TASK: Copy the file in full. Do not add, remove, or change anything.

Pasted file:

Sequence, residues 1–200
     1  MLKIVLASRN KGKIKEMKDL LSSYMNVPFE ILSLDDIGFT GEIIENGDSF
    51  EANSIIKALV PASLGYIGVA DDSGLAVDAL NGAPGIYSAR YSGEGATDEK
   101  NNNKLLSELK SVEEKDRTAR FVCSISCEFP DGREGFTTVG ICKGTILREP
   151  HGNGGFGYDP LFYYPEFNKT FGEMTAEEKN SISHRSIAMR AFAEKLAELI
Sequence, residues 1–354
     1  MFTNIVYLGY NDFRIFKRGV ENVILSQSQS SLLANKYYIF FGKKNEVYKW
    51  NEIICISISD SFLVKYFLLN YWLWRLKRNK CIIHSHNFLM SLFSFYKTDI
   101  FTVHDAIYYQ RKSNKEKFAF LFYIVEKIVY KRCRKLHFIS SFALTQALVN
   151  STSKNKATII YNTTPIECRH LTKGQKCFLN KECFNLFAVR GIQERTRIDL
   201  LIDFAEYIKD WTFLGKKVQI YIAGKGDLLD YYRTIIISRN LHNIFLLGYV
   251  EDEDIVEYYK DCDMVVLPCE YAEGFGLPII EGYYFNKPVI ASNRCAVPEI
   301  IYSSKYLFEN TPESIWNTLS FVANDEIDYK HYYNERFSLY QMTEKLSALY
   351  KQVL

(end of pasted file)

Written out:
Sequence, residues 1–200
     1  MLKIVLASRN KGKIKEMKDL LSSYMNVPFE ILSLDDIGFT GEIIENGDSF
    51  EANSIIKALV PASLGYIGVA DDSGLAVDAL NGAPGIYSAR YSGEGATDEK
   101  NNNKLLSELK SVEEKDRTAR FVCSISCEFP DGREGFTTVG ICKGTILREP
   151  HGNGGFGYDP LFYYPEFNKT FGEMTAEEKN SISHRSIAMR AFAEKLAELI
Sequence, residues 1–354
     1  MFTNIVYLGY NDFRIFKRGV ENVILSQSQS SLLANKYYIF FGKKNEVYKW
    51  NEIICISISD SFLVKYFLLN YWLWRLKRNK CIIHSHNFLM SLFSFYKTDI
   101  FTVHDAIYYQ RKSNKEKFAF LFYIVEKIVY KRCRKLHFIS SFALTQALVN
   151  STSKNKATII YNTTPIECRH LTKGQKCFLN KECFNLFAVR GIQERTRIDL
   201  LIDFAEYIKD WTFLGKKVQI YIAGKGDLLD YYRTIIISRN LHNIFLLGYV
   251  EDEDIVEYYK DCDMVVLPCE YAEGFGLPII EGYYFNKPVI ASNRCAVPEI
   301  IYSSKYLFEN TPESIWNTLS FVANDEIDYK HYYNERFSLY QMTEKLSALY
   351  KQVL